"Our hated habitation; well ye know
How many ages, as the years of men,
This universe we have possess'd, and rul'd
In manner at our will th' affairs of earth,
Since Adam, and his facile consort Eve
Lost Paradise, deceiv'd by me, though since
With dread attending when that fatal wound
Shall be inflicted by the seed of Eve
willingly 'I mention air,
Upon my head: long the decrees of heaven,
Delay, for longest time to him is short:
And now too soon for us the circling hours
This dreaded time have compas'd, wherein we
Must bide the stroke of that long threaten'd wound,
At least if so we can, and by the head
Broken be not intended all our power
To be infring'd, our freedom and our being,
In this fair empire won of earth and air;
For this ill news 'I bring, the Woman's Seed
Destin'd to this, is late of woman born.
His birth to our just fear gave no small cause,
But his growth now to youth's full flower, displaying
All virtue, grace, and wisdom, to achieve
Things bigbest, greatest, multiplies my fear.
Before him a great prophet, to proclaim
His coming, is sent harbinger, who all
Invites, and in the consecrated stream
Pretends to wash off sin, and fit them so
Purified, to receive him pure, or rather
To do him honour as their king: all come,
And he himself among them was baptiz'd ;
Not thence to be more pure, but to receive
The testimony of heaven, that who he is
Thenceforth the nations may not doubt. I saw
The prophet do him reverence; on him rising
"Out of the water, heaven above the clouds
Unfold her crystal doors, thence on his head
A perfect dove descend, whate'er it meant,.
And out of heaven the Sov'reign voice I heard,
This is my Son, belov'd, in him am pleas'd.'
His mother then is mortal, but his sire
He who obtains the monarchy of heaven:
And what will he not do t' advance his Son ?
His first begot, we know, and sore have felt,
When his fierce thunder drove us to the deep;
Who this is we must learn, for man he seems.
In all his lineaments, though in his face
The glimpses of his Father's glory shine.
Ye see our danger on the utmost edge
Of hazard, which admits no long debate,
But must with something sudden be oppos'd
Not force, but well couch'd fraud, well woven snares,
Ere in the head of nations he appear
Their king, their leader, and supreme on earth.
I, when no other durst, sole undertook
The dismal expedition to find out
And ruin Adam, and th' exploit perform'd
Successfully; a calmer voyage now
Will waft me and the way found prosp'rous once.
Induces best to hope of like success."
He ended, and his words impression left
Of much amazement to the infernal crew,
Distracted and surpris'd with deep dismay
At these sad tidings; but no time was then
For long indulgence to their fears or grief :
Unanimous they all commit the care
And management of this main enterprise
To him their great dictator, whose attempt
At first against mankind so well had thriv'd
In Adam's overthrow, and led their march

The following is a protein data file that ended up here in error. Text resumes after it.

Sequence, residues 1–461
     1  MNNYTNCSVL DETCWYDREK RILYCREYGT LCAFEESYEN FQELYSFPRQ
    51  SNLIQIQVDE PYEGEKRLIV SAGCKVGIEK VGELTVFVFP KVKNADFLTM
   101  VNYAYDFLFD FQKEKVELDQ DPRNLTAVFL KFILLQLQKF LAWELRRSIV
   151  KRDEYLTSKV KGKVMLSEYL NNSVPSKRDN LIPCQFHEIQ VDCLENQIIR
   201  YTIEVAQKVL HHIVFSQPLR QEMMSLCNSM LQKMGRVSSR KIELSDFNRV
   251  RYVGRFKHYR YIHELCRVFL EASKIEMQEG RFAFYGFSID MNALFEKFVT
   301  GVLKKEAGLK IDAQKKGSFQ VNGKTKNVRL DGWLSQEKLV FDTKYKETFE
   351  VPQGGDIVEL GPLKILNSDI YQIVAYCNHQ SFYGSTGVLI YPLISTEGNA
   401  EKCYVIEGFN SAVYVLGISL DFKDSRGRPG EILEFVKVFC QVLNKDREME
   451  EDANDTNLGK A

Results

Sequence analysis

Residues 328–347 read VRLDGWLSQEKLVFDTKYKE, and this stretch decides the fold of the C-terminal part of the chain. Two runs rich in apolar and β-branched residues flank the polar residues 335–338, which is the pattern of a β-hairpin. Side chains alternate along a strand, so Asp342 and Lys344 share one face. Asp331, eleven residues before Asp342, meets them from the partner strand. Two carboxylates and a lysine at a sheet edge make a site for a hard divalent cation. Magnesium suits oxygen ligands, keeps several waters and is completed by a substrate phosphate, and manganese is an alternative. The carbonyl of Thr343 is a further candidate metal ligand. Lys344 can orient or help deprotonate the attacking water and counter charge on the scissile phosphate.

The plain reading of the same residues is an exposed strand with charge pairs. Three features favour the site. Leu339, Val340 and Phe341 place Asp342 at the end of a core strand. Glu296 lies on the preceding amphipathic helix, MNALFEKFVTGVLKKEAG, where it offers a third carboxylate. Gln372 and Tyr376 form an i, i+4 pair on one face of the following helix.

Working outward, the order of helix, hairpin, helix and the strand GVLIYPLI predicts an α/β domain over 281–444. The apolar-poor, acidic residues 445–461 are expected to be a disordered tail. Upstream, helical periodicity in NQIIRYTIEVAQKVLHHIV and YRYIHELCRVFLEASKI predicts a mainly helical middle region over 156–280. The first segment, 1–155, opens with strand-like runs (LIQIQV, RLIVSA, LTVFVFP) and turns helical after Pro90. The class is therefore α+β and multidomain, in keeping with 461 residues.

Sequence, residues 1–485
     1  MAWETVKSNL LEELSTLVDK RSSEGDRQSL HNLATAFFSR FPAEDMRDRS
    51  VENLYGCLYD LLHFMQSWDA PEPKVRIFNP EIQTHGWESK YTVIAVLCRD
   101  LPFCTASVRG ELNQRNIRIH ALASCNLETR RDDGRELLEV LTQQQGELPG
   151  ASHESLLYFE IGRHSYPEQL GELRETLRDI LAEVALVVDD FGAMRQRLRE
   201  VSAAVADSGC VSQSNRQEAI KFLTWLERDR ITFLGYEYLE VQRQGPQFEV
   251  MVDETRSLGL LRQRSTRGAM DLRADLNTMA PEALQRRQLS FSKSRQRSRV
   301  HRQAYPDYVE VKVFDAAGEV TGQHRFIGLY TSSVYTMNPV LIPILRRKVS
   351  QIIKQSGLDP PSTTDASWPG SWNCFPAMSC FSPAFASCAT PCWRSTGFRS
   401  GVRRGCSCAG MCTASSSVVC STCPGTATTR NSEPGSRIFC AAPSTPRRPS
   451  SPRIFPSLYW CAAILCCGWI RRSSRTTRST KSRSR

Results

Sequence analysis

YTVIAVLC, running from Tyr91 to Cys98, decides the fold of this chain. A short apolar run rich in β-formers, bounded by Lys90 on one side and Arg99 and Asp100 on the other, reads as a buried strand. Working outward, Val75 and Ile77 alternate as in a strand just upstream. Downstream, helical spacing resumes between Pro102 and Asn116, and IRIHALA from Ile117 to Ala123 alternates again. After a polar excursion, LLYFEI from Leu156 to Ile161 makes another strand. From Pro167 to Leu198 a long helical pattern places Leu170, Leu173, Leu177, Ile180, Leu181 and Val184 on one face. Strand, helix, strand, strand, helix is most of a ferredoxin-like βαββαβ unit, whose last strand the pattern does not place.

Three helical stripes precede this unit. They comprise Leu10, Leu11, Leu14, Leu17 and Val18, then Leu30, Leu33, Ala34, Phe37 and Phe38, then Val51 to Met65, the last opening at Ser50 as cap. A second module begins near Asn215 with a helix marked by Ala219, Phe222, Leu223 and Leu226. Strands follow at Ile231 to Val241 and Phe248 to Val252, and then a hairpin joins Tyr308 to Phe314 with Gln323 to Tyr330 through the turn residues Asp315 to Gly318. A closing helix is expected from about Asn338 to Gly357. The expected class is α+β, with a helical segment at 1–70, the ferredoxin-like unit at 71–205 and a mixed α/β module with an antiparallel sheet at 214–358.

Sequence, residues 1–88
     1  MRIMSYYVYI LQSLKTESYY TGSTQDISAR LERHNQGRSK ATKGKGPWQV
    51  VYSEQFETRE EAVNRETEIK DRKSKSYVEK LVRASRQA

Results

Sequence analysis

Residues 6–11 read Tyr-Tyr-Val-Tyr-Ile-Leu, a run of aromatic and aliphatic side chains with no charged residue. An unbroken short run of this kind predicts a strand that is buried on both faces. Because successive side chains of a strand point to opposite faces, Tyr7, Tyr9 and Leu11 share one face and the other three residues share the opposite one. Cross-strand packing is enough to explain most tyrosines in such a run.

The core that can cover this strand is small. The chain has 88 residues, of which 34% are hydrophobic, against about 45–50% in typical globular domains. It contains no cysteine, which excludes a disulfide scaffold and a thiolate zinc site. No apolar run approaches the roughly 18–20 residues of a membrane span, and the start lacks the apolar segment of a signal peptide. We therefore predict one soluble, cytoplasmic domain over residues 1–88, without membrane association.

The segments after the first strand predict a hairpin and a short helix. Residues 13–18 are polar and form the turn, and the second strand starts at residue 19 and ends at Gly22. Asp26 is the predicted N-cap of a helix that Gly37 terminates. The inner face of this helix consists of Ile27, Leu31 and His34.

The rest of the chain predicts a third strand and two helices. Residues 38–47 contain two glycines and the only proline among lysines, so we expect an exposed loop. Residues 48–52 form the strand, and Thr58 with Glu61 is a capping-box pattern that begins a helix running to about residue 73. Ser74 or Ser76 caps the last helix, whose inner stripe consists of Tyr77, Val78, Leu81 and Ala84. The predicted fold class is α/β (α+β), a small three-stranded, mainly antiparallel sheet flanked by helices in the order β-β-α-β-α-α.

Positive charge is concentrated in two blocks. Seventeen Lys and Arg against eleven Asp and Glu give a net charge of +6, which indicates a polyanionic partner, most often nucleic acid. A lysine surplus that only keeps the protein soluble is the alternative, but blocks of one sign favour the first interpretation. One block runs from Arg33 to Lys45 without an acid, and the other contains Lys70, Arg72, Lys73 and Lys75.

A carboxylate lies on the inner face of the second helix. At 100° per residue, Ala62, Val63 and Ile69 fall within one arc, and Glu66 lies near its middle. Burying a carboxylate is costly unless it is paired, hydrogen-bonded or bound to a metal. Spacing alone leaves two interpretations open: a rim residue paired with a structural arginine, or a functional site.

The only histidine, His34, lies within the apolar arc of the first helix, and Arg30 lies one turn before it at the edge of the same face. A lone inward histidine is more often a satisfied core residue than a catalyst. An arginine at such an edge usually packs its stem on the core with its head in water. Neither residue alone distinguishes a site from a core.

From hell's deep-vaulted den to dwell in light,
Regents and potentates, and kings, yea gods
Of many a pleasant realm and province wide.
So to the coast of Jordan' he directs
His easy steps, girded with snaky wiles
Where he might likeliest find this new declar'd,
This Man of men, attested Son of God,
Temptation and all guile on him to try;
So to subvert whom he suspected rais'd
To end his reign on earth, so long enjoy'd,
But contrary, unweeting he fulfill'd
The purpos'd counsel pre-ordain'd and fix'd
Of the Most High, who in full frequence bright
Of angels, thus to Gabriel smiling spake:
"Gabriel, this day by proof thou shalt behold,
Thou and all angels conversant on earth
With man or men's affairs, how I begin
To verify that solemn message late,
On which I sent thee to the Virgin-pure
In Galilee, that she should bear a Son
Great in renown, and call'd the Son of God;
Then told'st her doubting how these things could be
To her a virgin, that on her should come
The Holy Ghost, and the power of the Highest
O'er-shadow her; this Man born, and now upgrown,
To show him worthy of his birth divine
And high prediction, henceforth I expose
To Satan; let him tempt and now assay
His utmost subtlety, because he boasts
And vaunts of his great cunning to the throng
Of his apostasy; he might have learnt
Less overweeping since he fail'd in Job,.
Whose constant perseverance overcame
Whate'er his cruel malice could invent.
He now shall know I can produce a Man
Of female seed, far abler to resist
All his solicitations, and at length
All bis vast force, and drive him back to hell,
Winning by conquest what the first man lost,
By fallacy surpris'd.
But first I mean
To exercise him in the wilderness;
There shall he first lay down the rudiments.
Of his great warfare, ere I send him forth
To conquer Sin and Death, the two grand foes,
By humiliation and strong sufferance;
His weakness shall o'ercome Satanic strength,
And all the world, and mass of sinful flesh;
That all the angels and ethereal powers,
They now, and men hereafter, may discern